for sins he did not commit andtherefore he can free us from
the shame of activity.
Thirdly, jesus took on theshame of passivity when he was

(21:24):
abused and did not respond to it.
Jesus took on the shame ofpassivity when he was abused and
did not respond to it.
Let's come back to the originalverse that we read at the
beginning In John, chapter 19and verse 23,.
We read this when the soldiershad crucified Jesus, they took

(21:44):
his garments and divided theminto four parts, one part for
each soldier, also his tunic,but the tunic was seamless,
woven in one piece from top tobottom.
There were four soldiers thatcrucified him.
These were Roman soldiers andthey didn't care that they were

(22:05):
crucifying the creator of theuniverse.
For them it was just anotherprisoner, and so after they
crucified him, they had fourarticles of clothing.
There was Jesus' headgear,there was his outer cloak, there
was his girdle or the belt, andhis shoes.
These four things were kind ofequal in value.

(22:28):
So the four soldiers dividedthese four things amongst
themselves.
But then there was a fiftharticle of clothing, which was
the seamless tunic.
How would they divide that up?
According to Jewish custom,according to the Talmudic tax
rate, yomah, on the day ofatonement especially, the high

(22:49):
priest, was supposed to wearthis dress that was not sewn but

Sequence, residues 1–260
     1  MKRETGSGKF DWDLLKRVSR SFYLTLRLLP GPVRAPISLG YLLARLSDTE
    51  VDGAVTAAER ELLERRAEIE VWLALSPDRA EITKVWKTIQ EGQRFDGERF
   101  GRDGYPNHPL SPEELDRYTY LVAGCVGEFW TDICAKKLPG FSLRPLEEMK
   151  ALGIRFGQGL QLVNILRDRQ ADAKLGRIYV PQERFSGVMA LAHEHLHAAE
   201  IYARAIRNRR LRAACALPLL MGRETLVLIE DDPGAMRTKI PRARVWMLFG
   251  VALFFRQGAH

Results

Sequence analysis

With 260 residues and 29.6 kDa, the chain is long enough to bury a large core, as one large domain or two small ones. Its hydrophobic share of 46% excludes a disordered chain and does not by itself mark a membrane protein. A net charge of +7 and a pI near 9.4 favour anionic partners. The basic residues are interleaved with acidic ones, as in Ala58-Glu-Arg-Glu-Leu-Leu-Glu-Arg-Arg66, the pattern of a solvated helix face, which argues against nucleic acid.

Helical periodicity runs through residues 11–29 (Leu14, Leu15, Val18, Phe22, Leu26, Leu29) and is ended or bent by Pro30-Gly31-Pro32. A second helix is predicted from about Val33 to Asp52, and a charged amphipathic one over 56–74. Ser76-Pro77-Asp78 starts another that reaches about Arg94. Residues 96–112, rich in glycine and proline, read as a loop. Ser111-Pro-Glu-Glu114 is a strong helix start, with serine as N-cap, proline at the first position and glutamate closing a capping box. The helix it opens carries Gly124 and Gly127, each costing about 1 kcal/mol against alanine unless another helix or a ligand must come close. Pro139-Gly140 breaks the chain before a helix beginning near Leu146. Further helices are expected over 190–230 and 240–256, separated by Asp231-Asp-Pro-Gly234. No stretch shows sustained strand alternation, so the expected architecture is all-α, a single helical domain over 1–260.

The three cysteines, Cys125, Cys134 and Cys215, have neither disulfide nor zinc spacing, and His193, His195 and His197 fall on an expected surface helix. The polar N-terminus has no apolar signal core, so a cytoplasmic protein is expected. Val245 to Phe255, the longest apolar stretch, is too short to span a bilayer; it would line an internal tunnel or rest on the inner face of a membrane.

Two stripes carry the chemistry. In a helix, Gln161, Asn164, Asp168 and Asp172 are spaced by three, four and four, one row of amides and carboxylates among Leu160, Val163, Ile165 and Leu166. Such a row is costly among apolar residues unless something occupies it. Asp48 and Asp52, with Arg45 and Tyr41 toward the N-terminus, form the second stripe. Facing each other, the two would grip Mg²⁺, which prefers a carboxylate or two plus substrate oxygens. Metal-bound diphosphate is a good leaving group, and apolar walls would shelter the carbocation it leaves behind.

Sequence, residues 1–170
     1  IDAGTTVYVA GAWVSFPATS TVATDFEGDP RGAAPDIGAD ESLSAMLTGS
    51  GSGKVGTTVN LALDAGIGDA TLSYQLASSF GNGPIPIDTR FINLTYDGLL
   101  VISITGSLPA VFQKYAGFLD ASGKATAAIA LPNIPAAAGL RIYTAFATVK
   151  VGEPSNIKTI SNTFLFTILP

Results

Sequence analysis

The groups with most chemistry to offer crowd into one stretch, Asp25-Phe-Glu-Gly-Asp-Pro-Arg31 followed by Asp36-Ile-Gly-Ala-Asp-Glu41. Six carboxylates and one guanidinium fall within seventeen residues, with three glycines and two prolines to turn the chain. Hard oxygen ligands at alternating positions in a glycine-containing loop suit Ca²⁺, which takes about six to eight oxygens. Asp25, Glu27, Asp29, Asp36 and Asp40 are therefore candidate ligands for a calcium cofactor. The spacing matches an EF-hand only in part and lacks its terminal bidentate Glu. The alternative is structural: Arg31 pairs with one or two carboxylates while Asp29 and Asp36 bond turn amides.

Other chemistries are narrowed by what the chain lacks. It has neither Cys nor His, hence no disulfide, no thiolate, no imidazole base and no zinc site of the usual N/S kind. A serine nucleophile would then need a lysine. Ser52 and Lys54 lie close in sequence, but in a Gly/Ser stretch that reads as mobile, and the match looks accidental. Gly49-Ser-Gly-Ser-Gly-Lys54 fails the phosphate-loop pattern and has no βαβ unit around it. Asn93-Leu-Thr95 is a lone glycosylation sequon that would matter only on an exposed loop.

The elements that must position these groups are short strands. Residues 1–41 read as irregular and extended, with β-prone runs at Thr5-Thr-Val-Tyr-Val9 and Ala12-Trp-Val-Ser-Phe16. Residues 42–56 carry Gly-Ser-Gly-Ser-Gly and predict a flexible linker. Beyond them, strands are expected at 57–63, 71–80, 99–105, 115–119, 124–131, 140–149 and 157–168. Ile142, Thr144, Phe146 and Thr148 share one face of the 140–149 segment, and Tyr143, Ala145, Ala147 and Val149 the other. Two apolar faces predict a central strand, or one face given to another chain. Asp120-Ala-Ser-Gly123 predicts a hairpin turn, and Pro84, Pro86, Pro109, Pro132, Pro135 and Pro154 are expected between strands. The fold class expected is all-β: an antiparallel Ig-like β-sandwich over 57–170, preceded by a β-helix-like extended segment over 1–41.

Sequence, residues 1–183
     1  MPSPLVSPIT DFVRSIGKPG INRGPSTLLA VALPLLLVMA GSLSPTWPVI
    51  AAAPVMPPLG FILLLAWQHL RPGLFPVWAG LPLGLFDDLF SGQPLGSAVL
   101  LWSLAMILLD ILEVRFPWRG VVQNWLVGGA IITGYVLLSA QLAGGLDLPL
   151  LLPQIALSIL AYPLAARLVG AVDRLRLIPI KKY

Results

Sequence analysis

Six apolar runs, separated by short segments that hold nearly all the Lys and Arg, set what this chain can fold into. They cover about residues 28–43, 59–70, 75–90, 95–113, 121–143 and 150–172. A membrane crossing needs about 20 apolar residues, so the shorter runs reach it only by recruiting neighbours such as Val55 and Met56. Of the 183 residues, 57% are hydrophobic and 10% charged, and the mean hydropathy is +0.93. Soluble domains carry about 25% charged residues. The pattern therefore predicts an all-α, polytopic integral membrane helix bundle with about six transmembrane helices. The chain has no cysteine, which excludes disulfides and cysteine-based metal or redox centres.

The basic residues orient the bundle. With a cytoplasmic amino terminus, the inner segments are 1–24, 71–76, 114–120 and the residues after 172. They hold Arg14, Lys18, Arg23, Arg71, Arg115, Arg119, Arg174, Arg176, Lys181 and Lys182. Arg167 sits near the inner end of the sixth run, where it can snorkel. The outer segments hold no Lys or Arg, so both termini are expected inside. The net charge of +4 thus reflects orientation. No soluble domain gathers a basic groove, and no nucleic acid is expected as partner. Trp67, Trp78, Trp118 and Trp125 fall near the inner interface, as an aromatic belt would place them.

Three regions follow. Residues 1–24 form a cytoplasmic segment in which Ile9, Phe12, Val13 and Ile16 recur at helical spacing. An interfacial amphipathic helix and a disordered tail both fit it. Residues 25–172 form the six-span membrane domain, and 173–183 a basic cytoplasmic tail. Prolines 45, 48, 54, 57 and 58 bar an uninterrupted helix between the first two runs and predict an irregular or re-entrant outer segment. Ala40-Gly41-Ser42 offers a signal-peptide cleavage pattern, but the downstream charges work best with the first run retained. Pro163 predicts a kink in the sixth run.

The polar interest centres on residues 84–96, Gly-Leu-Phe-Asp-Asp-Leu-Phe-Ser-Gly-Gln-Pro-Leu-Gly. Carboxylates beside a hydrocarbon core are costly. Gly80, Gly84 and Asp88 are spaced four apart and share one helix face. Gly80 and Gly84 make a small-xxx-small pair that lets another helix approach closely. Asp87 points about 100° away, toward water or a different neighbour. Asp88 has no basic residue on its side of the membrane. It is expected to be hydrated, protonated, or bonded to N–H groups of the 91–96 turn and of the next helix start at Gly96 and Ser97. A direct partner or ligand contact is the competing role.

woven when he came to perform asacrifice.
So here was Jesus as the highpriest performing the sacrifice,
dressed like a Jewish priest.
But there was one problem,wasn't there?

(23:09):
Jesus was not wearing theundergarment.
Crucifixion was undoubtedly themost shameful way to die in the

(23:31):
first century.
In Hebrews, chapter 12, verse 2, it reads Looking to Jesus, the
founder and perfecter of ourfaith, who, for the joy that was
set before him, endured thecross, despising the shame.
To own a leader who wascrucified was to own the shame

(23:53):
of the crucifixion, and so theJews could not fathom a Messiah
who was crucified.
In 1 Corinthians up to 1, verse23, paul says but we preach
Christ crucified, a stumblingblock to the Jews.
Archaeologists have uncoveredan engraving from the ancient

(24:14):
Roman era and in this engravingthere is a man who was crucified
, but that man has the head of adonkey, and a little beyond him
is another man bowing down inworship.
And then at the bottom it saysAlex Aminos worships God.
This was obviously one slavemaking fun of another slave

(24:39):
because who was a Christian?
Because at that timecrucifixion was the most